A municipal complex gets GeoExchange® via a pond
Struggling with an HVAC system composed of various technologies of ages up to 25 years in their main municipal headquarters building, the City of Fort Collins, Colorado installed a complete geothermal heat pump retrofit. The new system will provide a carbonless heating and efficient cooling system for over twice that long, and was designed to be expandable for additional workspaces.
Tighten the building first-
As is fully appropriate in such cases, a complete makeover with a boost of thermal envelope protection took place before the installation. There was new insulation and windows to keep future heating and cooling loads lower. This cuts the size of the geo system needed and therefore the cost of obtaining perpetual free fuel from the site’s adjacent lake.
What is most often an underground heat exchanger configuration of either vertical-drilled boreholes a with a grouted, U-bend pipe loop or a series of horizontally laid and buried pipes took a different path. Metallic (sandwiched) metal plates that circulate closed loop water brought from and back to the building’s heat pumps, served as the system’s heat exchanger.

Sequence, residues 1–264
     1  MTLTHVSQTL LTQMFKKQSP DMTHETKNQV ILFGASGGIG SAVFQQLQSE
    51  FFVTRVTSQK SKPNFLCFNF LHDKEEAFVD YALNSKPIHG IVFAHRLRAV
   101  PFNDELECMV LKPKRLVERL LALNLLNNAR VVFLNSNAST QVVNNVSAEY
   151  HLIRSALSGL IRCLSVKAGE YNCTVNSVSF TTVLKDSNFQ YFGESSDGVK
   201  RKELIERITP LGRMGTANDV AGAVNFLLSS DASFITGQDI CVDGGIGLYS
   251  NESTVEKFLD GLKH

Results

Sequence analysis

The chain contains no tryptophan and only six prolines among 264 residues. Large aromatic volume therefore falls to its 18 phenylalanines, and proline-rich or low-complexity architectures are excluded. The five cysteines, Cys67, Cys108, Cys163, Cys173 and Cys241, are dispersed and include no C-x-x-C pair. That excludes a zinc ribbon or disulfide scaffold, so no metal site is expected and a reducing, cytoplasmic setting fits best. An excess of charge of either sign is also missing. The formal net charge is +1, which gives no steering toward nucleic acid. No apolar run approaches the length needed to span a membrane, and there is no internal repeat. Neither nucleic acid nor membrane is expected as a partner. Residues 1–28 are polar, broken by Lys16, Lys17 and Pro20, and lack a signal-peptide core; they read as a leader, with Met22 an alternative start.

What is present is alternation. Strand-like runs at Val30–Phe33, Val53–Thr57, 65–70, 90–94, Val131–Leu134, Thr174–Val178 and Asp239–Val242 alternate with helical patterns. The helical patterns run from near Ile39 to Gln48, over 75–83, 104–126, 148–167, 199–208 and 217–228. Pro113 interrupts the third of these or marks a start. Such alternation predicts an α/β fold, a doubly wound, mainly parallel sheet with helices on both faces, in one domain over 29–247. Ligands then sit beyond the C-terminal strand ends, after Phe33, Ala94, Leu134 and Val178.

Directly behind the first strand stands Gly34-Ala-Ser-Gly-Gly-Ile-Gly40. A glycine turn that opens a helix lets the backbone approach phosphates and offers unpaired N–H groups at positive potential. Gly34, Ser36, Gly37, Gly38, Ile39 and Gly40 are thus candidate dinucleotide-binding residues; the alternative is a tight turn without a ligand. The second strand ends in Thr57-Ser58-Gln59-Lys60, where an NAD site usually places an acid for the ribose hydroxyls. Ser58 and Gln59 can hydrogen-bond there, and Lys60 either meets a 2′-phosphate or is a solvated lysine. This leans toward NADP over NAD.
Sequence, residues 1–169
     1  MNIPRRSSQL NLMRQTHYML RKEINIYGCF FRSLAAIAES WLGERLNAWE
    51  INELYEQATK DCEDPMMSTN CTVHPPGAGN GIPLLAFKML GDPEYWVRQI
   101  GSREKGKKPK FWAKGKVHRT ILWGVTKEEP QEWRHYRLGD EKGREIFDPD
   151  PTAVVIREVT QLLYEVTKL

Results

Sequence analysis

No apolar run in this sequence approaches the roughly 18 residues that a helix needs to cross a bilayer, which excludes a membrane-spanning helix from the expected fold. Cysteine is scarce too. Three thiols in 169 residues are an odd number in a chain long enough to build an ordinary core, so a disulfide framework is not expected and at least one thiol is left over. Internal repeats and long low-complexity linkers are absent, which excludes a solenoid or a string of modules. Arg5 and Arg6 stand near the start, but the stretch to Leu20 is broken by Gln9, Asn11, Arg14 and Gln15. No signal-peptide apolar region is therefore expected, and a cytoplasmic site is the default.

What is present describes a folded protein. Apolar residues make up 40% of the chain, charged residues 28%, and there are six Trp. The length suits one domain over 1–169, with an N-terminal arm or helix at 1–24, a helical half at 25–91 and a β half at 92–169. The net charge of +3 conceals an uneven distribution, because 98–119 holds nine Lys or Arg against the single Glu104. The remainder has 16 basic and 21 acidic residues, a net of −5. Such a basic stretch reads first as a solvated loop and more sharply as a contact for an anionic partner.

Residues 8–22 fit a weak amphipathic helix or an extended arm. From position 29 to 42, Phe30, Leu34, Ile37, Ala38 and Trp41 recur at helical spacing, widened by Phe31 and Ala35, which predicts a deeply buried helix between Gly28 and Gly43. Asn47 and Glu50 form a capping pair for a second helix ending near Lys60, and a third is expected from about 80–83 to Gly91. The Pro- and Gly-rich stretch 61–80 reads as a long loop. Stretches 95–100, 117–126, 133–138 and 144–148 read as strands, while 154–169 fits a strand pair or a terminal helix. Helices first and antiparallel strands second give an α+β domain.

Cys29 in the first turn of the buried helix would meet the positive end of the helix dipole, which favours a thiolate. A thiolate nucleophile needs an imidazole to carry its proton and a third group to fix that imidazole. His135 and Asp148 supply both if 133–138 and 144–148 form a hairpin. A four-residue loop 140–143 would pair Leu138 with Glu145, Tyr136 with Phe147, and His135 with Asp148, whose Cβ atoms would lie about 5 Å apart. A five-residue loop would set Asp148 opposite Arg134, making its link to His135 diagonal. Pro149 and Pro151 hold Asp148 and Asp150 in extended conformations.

Underwater can be cheaper to install-
There are two advantages here. First, drilling or excavating for a terrestrial ground loop is a higher cost than sinking prefabbed racks of metal plates to the bottom of a lake or pond of adequate size for the heating/cooling load. Second, the closed loop water circulating through the metallic plates has greater thermal conductivity than high density polyethylene pipe (typically encased in grout or buried in dirt). The rate of heat transfer between the pond and the metallic plate exchanger is greater because the liquid medium of pond water makes its thermal exchange convectively. The greater the temperature difference between the closed loop and the pond, the more active will the pond water’s convection be to reach toward equilibrium with the circulated loop water.
The incoming closed loop water is routed around the ceiling zone of all interior spaces where individual heat pumps use it to heat or cool different zones as needed. It then returns to the pond.
The size and temperature of some pond loops is cool enough in summer that the closed loop can stay close to 50°F. This enables ducted air cooling over coils, rather than the use of the heat pump itself, saving even more electricity.
What about payback?
Before considering a retrofit investment with geothermal heat pump technology, many citizens concern themselves with tax credits (that municipal operations do not qualify for). They also want to know about how long it will take for the investment to “pay back” its costs with savings. To that, this writer asks, “when was the last time that your replacement refrigerator, car, or house did that?”
—Bill Martin (with help from Major Geothermal, Wheat Ridge, CO)